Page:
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Formerly a dining hall for immigrant Kohler workers, the Wisconsin Room with its century-old stained glass windows and tapestries was our destination that evening for a magnificent selection of local fish, cheese and meats. Beginning with a truly splendid cheese and charcuterie plate accompanied by a bottle of pinot noir, we continued the cheese theme with the Iceberg & Blue, possibly be the most inventive wedge salad I've ever seen — deconstructed and utterly delicious. For entrées, the grilled filet mignon and local Great Lakes perch lived up to the word-of-mouth buzz we’d been hearing. We also had the option of local sturgeon, trout and salmon, reminding us of the natural bounty available right at our doorstep. Jen and I might have been a bit ambitious in ordering the Kohler Chocolate Torte for four, but our chocoholic daughter certainly appreciated the leftovers we took home.

You can’t come to Kohler without a guided tour of the iconic factory that still stands and operates across the street from the resort. Former workers lead the Industry in Action Factory Tours for a dose of true authenticity; our guide had been with the company for more than 50 years. A pass through the Kohler Design Center revealed some of the company’s most innovative new offerings. We were particularly impressed (and somewhat bemused) by the clever Numi toilet featuring its own ambient lighting, heated seat and wireless Bluetooth streaming capabilities. I wondered to myself if it played a selection of my favorite show tunes, but didn’t have the nerve to ask. Suffice it to say, this extraordinary piece of technology gives a whole new meaning to modern convenience.

Host of the 2020 Ryder’s Cup, the ruggedly beautiful Whistling Straits golf course overlooking Lake Michigan is a must for duffers. After lunching at the clubhouse on the 18th green, where we enjoyed pints of New Glarus Spotted Cow, Jen and I paired up with a father-and-son duo from Madison to try our luck on the links. The challenging round took us nearly five hours to complete (and probably would have been longer without the guidance we received from our cool caddy), but I was pleased with what I shot, despite the balls that wafted away on the brisk lake breeze. By the end of 18 holes, we were more than primed for a private tasting of cocktails crafted with the company's exclusive  Kohler Original Recipe Chocolate Brandy. Luxurious and warming, it was the perfect way to unwind after an energetic afternoon on the links.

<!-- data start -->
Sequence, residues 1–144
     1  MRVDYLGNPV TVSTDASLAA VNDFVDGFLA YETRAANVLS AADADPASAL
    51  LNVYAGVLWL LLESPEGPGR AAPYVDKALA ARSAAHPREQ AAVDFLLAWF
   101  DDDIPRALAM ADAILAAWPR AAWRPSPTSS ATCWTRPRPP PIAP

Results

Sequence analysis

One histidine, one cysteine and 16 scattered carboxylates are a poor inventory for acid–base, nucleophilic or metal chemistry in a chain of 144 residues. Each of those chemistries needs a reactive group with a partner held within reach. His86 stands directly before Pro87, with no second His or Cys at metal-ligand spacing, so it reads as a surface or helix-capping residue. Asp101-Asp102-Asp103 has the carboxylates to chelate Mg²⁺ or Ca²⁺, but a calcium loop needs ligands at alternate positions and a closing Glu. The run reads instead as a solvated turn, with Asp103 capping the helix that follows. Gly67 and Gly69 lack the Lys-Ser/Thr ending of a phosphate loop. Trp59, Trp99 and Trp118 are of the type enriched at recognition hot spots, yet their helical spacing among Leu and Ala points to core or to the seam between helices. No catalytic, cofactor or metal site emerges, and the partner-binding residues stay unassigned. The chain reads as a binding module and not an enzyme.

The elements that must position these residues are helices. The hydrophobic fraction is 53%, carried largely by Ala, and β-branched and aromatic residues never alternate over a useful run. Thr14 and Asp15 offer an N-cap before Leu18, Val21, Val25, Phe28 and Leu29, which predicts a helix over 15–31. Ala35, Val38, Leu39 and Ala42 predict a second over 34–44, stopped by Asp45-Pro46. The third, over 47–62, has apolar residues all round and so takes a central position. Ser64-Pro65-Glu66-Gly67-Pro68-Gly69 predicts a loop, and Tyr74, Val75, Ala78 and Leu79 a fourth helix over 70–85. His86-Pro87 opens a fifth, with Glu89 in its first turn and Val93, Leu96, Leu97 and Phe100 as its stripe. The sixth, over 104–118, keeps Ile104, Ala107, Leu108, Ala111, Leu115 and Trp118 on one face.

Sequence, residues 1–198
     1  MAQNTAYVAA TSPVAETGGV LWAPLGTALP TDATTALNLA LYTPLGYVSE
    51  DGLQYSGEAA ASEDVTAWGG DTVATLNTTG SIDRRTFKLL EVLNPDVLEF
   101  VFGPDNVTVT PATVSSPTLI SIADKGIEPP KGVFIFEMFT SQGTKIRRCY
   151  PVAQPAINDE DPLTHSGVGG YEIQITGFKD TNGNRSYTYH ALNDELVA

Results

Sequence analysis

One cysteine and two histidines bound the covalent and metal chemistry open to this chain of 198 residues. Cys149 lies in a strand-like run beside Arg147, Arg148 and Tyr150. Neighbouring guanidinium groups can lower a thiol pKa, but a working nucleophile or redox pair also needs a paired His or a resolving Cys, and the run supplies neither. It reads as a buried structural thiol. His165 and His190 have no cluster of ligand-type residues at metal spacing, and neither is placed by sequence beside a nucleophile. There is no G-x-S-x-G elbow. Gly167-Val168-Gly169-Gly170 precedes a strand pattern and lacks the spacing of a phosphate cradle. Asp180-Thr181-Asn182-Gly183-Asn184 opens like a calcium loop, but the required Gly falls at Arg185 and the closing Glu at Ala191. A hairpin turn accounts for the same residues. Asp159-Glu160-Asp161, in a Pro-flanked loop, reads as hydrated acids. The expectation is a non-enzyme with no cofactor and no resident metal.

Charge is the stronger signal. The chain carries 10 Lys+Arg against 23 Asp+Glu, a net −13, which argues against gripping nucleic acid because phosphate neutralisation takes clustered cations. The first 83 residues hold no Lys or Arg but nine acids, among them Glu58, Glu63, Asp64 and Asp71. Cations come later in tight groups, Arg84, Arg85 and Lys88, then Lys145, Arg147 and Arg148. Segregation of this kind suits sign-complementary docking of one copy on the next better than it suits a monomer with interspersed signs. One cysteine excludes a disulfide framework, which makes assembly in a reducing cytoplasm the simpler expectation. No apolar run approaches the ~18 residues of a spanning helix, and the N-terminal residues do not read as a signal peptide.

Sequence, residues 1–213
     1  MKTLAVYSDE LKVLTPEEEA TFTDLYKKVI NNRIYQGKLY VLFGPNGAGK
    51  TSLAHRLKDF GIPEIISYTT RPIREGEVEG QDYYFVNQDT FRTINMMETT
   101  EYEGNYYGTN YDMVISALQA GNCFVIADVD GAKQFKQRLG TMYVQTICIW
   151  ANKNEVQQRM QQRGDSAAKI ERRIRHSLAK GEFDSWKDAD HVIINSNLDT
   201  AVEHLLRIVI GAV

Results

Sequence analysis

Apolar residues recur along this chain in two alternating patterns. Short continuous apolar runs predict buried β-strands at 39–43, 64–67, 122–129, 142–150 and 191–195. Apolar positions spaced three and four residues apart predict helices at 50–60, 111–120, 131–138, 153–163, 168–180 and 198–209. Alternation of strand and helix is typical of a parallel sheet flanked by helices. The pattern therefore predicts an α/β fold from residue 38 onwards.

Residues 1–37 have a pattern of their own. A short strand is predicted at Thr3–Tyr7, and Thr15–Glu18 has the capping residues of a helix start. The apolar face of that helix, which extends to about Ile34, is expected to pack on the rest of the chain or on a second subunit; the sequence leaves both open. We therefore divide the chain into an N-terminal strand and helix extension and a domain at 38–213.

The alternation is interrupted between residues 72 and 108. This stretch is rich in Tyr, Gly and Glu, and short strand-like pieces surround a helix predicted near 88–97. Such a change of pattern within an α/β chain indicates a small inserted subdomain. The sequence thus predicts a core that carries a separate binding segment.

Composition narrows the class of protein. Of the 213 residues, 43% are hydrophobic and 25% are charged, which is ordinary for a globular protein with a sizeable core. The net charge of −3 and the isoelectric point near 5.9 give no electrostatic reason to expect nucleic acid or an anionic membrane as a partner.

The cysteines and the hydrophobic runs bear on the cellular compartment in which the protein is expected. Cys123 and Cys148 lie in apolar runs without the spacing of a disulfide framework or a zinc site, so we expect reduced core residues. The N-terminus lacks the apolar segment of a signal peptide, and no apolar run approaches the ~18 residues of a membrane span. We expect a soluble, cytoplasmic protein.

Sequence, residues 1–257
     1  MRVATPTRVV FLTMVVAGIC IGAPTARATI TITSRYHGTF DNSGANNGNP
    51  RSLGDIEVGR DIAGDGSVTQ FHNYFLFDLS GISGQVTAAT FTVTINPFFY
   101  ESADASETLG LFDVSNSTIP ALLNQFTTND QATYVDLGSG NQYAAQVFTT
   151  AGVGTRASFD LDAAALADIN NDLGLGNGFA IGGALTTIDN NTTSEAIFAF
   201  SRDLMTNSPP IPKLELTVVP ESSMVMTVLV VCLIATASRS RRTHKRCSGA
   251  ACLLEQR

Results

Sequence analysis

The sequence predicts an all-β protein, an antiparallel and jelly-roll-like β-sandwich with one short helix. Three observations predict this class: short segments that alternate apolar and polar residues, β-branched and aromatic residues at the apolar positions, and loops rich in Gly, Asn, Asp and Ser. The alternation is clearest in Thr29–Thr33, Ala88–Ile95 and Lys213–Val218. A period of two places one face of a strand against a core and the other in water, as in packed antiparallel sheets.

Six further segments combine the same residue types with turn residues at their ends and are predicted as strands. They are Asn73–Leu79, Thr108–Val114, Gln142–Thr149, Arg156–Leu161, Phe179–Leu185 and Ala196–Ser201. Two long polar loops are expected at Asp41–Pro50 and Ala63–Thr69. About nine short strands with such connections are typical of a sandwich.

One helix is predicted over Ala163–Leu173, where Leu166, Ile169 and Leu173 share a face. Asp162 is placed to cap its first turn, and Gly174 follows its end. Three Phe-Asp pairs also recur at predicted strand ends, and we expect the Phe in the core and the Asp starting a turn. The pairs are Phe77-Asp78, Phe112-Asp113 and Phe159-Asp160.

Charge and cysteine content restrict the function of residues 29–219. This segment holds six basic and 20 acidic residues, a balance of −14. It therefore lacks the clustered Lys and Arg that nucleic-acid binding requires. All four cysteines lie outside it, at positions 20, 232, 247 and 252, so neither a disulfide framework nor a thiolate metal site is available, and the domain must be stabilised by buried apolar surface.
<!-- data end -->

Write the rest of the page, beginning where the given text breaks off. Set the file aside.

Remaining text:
It was hard to imagine a better meal than the one we enjoyed in the Wisconsin Room, but dinner at the Immigrant raised the already elevated bar to even loftier heights. Rich in character and historic elegance, this award-winning restaurant is arranged in a series of six rooms paying homage to the homelands of early Wisconsin settlers — French, Dutch, German, Norman, Danish and English. Rated Four Diamonds by AAA, the Immigrant’s seven-course tasting menu introduced one surprise after another, from caviar-topped deviled eggs to rabbit-stuffed quail to olive oil-poached tuna cheeks and A-5 Wagyu beef, all stunningly presented and perfectly prepared.  With a couple of selections from the lengthy and well-curated wine list, this was a meal to remember, and will rank toward the top of our dining experiences for a long while.

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Wisconsin is a wonderful state, full of many hidden surprises. As as we drove from Indianapolis to the American Club in Kohler, I must confess I had no idea what to expect. To say our stay far exceeded any expectations of luxury, quality and pampering would be an understatement. Next time we visit, I’ll make sure to have brushed up on my chip shots and horsemanship.

For more information about stays at the American Club, call 855-444-2838 or visit americanclubresort.com.